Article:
But it would be wrong to suggest that the switch online has all been negative. The flipside is that both teachers and students have learned new skills.
“The negative impact of online learning on the mental health of children or students is that children or students become passive in their learning because they do not interact directly with teachers,” said Antonius Remigius Abi, a lecturer at the Faculty of Education at Santo Thomas Catholic University in Medan.
“However, the positive impact has been that teachers or lecturers have been forced to upgrade their skills relating to the use of IT to teach as well as the science of teaching itself. Of course everyone has also had to learn how to be more patient.”
In Malaysia, where schools are expected to reopen – albeit at half capacity – on October 3, about 90 per cent of teachers have now been inoculated, according to Education Minister Radzi Jidin, and there is a sense among many that a corner has been turned.
Harinderjit Singh Sekhon, a secondary schoolteacher in Malaysia, was among those looking on the bright side.
“Early on into this lockdown, there were obvious dips in results even with the bright kids. [But while teaching’s been] very different, it’s not been impossible,” Harinder said.
There had even been some positives, such as increased freedom, though he missed personal interactions with the children.
“That is the ultimate experience of being a teacher and I can’t wait to go back,” he added.
Back in India, Jauhar, the headmistress in Noida, found that having parents floating around in the background watching her class helped to involve them in their children’s education.
“They also learnt from us. By watching us handle a class, they learnt how to handle, discipline, and get the best out of children. I hope this greater involvement continues and they remain supportive,” she said.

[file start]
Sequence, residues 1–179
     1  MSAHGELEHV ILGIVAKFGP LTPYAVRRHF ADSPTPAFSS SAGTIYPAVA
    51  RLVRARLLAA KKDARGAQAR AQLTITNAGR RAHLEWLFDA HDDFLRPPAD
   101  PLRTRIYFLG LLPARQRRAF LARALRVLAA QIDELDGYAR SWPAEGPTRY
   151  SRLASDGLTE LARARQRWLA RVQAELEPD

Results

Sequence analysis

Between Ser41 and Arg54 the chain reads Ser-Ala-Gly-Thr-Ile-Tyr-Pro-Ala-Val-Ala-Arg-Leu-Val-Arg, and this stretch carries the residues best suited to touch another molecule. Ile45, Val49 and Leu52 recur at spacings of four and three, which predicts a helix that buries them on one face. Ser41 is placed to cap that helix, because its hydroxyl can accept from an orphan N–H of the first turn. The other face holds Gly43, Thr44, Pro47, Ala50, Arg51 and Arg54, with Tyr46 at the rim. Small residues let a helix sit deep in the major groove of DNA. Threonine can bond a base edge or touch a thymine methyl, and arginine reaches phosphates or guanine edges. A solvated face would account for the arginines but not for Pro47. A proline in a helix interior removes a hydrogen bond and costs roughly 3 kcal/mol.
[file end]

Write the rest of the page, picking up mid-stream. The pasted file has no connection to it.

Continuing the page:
Then there are even those teachers who – whisper it – relished the challenge of experimenting and making online teaching fun.
“They had to learn how to keep their pupils engaged online and actually enjoyed becoming a student again to become a better teacher,” said Sangeeta Tenesse, principal of the Aster Public School in Greater Noida.
The whole online experience has given schools and teachers more options too.
For example, there used to be panic in New Delhi when schools had to be shut for several days because of disruptive political rallies or dangerously high levels of pollution.
Said Tenesse: “We always worried how we would make up the lost time but now no one is going to bat an eyelid. Simple. We will teach from home.”
Additional reporting by Xinghui Kok, Aisyah Llewellyn, Geela Garcia and Ushar Daniele
If you are having suicidal thoughts, or you know someone who is, help is available. For Hong Kong, dial +852 2896 0000 for The Samaritans or +852 2382 0000 for Suicide Prevention Services. In the US, call The National Suicide Prevention Lifeline on +1 800 273 8255. For a list of other nations’ helplines, see this page